2. Write more.  I already write like I am Orville and Wilbur’s third brother. But in the year ahead I have goals to crank my typewriter up to 11. In addition to this blog that I post to 3 times per week, I now have 3 book ideas started. I also met with a couple of magazine publishers yesterday about writing a regular piece for their pub. (That’s slang for publication. I am not writing for an Irish bar.) How did this opportunity come about?  I got aggressive and contacted them on an impulse, before I really thought it through. (See Goal #1)

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I launched my first business with my cousin Brooks Albrecht. Now we’re discussing other ideas.

3. Create Another Business. There is something about entrepreneurship that is like Pringles. Because once you pop, you can’t stop. I have 3 leading business ideas I am currently working through. One involves cheese. (#WhenInWisconsin…) One is a franchise opportunity (not to be confused with a french fry opportunity). And the other involves fo real estate. (#forealdo). Of course I have other ideas that get added to the list daily. So I want to bring at least one of the ideas to life in the next year. But no matter which one wins, I want to eat more cheese.

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The stud in the middle is my man Enrique Perez-Guerra, my college athletic trainer. We reconnected recently after 20 years. My teammate Scott Brinen and I now video conference with each other once a month.

4. Become A Greater Connector. I am a dot connector. It is how I process the world. I love creating, maintaining and facilitating connections. This is my most meaningful contribution to the people in my circles. Because at the end of our days the only thing that really matters is the impact we have on each other’s lives. Wait, did that just get real serious, real fast? #crickets

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My family on the Riverwalk in San Antonio during Fiesta.

5. More Quality Time With Family. I put my family at the top of the list of people I want to connect with. Like the meatball on top of spaghetti. My family includes my wife, Dawn and children Ava, Johann and Magnus. But it also includes my parents, sisters and their families. As well as my very large extended family. Especially now that I am about to make my first lap around the sun without any grandparents. Which means my generation needs to prioritize and facilitate our gatherings now that my 4 grandparents are sitting together at the great card table in the sky.

Key Takeaway

Birthdays are important. They serve as an annual reminder of the scarcity of time. To make the most of each year, reevaluate what is most important to you on your birthday. Set new and higher goals and expectations. Then charge forward to meet them. It’s how we create a life worth writing about. Which, if I’m lucky, would be book number 4.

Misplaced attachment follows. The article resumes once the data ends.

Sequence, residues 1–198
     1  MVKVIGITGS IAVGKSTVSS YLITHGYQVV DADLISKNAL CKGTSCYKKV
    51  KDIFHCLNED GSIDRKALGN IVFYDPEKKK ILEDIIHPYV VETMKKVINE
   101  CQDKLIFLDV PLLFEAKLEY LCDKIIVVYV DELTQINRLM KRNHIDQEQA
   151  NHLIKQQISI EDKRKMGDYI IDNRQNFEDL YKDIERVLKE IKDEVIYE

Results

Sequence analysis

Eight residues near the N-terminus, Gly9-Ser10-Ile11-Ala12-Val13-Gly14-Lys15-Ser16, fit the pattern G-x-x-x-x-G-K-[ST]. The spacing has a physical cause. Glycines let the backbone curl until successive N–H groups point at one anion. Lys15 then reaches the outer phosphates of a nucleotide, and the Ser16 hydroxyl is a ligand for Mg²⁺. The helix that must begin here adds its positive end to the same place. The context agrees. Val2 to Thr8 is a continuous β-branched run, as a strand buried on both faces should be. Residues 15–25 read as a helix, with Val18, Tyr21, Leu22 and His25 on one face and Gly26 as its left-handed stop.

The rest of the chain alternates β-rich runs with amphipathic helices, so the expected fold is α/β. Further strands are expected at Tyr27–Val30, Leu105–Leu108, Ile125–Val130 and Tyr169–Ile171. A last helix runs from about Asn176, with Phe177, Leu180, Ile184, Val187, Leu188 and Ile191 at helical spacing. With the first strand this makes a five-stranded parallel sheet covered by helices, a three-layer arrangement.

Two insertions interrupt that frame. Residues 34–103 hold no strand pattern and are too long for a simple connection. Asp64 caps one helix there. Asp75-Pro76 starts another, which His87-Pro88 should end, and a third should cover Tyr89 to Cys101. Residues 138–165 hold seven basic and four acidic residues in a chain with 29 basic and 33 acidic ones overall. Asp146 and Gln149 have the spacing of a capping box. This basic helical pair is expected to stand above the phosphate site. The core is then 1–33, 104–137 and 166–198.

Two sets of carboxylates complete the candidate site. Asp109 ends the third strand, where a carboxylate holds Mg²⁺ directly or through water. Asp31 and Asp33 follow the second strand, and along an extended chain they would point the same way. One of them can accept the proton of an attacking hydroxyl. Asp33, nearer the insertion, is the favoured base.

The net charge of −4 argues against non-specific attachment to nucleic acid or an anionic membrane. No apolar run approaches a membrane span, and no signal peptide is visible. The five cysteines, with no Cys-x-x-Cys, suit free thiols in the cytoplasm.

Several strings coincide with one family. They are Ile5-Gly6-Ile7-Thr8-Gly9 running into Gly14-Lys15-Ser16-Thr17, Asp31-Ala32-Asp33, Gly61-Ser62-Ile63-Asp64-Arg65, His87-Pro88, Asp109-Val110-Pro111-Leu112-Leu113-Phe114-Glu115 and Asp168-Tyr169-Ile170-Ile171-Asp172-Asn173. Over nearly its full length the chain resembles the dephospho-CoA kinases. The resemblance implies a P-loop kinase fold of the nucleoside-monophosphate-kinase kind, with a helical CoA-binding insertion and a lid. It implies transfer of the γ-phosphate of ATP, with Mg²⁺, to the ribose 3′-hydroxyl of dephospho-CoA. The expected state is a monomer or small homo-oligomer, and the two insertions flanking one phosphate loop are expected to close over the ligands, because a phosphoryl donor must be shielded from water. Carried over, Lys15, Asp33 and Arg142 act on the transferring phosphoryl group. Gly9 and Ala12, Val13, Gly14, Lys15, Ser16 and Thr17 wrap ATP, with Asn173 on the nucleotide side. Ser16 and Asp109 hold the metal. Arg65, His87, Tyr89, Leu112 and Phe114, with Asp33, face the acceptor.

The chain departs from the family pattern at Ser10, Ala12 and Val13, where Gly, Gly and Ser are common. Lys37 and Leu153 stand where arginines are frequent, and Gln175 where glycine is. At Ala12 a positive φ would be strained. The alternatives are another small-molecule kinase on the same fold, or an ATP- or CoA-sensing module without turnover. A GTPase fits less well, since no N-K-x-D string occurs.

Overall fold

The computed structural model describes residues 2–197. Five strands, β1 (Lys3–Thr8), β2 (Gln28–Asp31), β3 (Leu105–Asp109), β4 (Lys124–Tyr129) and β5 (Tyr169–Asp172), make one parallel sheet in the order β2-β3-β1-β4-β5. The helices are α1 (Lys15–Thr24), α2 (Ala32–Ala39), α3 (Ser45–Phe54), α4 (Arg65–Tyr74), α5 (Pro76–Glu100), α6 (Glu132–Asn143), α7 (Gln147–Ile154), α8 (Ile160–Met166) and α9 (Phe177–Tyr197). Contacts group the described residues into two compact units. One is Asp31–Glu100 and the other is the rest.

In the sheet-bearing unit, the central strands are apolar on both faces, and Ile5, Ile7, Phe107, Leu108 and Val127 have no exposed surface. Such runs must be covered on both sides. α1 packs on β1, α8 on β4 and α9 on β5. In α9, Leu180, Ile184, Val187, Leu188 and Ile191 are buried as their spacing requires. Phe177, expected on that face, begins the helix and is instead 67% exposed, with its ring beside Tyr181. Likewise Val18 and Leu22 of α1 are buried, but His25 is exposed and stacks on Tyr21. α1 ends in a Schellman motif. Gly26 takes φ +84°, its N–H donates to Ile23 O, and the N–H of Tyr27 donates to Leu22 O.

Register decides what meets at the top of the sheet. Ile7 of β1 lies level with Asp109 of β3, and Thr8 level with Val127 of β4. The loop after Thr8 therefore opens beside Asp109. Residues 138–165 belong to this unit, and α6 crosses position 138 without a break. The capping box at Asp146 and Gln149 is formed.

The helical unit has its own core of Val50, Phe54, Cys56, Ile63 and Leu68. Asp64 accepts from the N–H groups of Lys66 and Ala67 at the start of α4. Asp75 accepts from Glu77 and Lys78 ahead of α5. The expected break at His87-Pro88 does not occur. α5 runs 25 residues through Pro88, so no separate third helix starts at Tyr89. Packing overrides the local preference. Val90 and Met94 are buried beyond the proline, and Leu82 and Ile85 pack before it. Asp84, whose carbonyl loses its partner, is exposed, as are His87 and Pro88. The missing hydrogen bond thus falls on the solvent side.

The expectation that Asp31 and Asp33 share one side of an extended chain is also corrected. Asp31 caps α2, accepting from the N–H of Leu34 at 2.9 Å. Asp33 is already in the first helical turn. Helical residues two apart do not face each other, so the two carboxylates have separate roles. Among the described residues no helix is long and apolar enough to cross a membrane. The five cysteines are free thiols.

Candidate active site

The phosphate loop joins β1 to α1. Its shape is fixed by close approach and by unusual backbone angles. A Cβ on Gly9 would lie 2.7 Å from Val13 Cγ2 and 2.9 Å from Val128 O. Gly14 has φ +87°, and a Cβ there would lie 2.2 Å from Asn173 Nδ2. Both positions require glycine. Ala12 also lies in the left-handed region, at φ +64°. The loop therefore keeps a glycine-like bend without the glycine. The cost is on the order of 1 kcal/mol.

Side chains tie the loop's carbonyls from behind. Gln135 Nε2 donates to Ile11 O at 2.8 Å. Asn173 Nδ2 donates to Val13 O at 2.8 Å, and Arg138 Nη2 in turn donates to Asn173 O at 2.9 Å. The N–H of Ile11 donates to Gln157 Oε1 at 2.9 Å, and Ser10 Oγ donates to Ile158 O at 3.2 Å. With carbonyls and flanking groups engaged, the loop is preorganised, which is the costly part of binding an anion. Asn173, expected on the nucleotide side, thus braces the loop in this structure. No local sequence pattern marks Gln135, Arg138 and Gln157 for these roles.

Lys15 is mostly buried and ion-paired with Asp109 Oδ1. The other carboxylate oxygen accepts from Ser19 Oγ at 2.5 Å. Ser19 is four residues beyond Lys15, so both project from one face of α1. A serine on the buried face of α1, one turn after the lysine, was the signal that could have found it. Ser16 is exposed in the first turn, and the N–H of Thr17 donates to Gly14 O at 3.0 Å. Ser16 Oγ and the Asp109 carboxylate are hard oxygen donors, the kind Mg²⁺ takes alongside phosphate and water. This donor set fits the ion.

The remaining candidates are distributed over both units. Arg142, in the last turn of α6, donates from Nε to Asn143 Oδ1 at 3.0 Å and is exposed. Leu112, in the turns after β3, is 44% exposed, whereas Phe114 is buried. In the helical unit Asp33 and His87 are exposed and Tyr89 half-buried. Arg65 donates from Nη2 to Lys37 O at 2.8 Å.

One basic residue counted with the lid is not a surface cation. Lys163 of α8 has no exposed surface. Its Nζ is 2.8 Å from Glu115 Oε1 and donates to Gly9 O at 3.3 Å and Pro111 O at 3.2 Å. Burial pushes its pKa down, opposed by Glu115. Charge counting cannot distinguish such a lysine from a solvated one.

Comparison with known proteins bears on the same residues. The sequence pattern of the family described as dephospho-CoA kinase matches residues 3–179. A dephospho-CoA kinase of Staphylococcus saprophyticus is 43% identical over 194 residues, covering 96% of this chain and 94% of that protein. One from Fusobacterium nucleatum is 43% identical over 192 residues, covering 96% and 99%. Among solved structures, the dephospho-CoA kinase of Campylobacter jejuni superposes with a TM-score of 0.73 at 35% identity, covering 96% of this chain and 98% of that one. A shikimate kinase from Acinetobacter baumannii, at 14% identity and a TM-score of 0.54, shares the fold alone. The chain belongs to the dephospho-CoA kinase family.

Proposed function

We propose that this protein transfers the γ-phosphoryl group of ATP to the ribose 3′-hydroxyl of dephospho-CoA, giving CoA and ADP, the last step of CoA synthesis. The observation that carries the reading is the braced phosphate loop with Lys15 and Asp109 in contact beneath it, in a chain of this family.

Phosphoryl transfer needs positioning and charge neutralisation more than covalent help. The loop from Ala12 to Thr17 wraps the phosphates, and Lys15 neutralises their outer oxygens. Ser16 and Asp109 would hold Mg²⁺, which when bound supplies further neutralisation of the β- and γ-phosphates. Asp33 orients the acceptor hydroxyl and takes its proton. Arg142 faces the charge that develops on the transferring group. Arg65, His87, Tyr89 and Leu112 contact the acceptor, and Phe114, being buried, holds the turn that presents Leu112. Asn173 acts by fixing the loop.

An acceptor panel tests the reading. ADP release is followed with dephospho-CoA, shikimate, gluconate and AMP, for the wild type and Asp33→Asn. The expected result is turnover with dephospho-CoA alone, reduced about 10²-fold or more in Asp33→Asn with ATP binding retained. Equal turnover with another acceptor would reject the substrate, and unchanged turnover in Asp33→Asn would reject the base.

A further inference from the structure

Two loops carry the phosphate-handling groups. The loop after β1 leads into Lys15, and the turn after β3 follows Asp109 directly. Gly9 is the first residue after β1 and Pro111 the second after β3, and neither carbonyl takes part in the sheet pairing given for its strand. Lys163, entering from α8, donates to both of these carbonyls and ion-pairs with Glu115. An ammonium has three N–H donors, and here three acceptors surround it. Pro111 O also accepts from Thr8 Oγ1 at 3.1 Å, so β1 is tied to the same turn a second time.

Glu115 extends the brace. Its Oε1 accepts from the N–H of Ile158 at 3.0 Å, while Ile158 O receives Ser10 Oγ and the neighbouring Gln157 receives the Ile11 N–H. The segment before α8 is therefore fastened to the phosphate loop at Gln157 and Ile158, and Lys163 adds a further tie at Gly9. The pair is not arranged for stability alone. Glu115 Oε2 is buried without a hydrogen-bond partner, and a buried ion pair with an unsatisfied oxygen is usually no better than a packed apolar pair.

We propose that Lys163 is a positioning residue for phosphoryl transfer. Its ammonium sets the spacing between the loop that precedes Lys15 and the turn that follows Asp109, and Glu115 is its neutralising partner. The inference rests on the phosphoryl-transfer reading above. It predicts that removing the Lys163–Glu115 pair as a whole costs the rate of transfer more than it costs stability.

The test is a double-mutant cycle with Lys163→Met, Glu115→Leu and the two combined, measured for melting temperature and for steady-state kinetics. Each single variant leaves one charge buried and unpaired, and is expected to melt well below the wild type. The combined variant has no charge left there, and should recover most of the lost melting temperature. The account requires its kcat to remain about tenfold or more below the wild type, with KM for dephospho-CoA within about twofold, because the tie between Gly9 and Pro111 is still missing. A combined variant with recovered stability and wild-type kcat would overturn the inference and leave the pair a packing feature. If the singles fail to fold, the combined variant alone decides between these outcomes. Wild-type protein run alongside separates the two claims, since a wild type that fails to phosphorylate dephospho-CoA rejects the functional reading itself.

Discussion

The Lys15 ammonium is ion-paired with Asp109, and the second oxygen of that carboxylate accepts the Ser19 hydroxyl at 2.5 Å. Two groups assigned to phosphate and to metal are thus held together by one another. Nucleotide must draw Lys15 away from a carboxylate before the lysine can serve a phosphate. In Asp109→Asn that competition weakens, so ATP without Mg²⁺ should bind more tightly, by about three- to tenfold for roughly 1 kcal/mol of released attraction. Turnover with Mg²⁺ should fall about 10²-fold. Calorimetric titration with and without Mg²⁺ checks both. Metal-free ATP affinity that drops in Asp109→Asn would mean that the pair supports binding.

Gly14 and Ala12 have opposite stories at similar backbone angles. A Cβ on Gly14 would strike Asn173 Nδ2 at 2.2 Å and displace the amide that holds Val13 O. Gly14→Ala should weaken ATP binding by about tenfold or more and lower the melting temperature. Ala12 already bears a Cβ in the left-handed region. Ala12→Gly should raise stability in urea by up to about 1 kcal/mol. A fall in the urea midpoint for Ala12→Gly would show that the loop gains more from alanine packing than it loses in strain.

My Birthday Wish

If you want to do me a special free favor on my birthday, please subscribe to get this blog gift wrapped and delivered to your inbox. It would really mean a lot to me. The subscribe button is on the home page.

*Also, Happy Birthday to my sister Heather. Yes we share a birthday. No we’re not twins. #howweirdisthat

What to do when you realize your greatest limitation is you.

Planning the launch of your own business is one of life’s most enjoyable experiences. From the day you first start thinking about your new company until you actually open for business you are living on Fantasy Island with Tattoo and Mr. Roarke. On the island you create an ideal vision of your fully formed business. You should dream big. Because ginormous dreams cost exactly the same as itsy bitsy teeny weeny yellow polka dot dreams. And that dream you create during the planning phase is the blueprint for the reality.

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Everything changes when you leave Fantasy Island on da plane.

Reality

But the moment you open for realsies, your business will face an unavoidable limitation. And that limitation is You. When you are an entrepreneur your business is only as good as you are.

I have been thinking about that since 2016 when I first launched The Weaponry, my advertising and idea agency. Knowing that you are the great limiter is a scary motivator.  It means your business will either be forever limited by who you were and what you knew when you first launched. Or it means you have to continuously push yourself to get better so that your business can too. I have chosen the second option.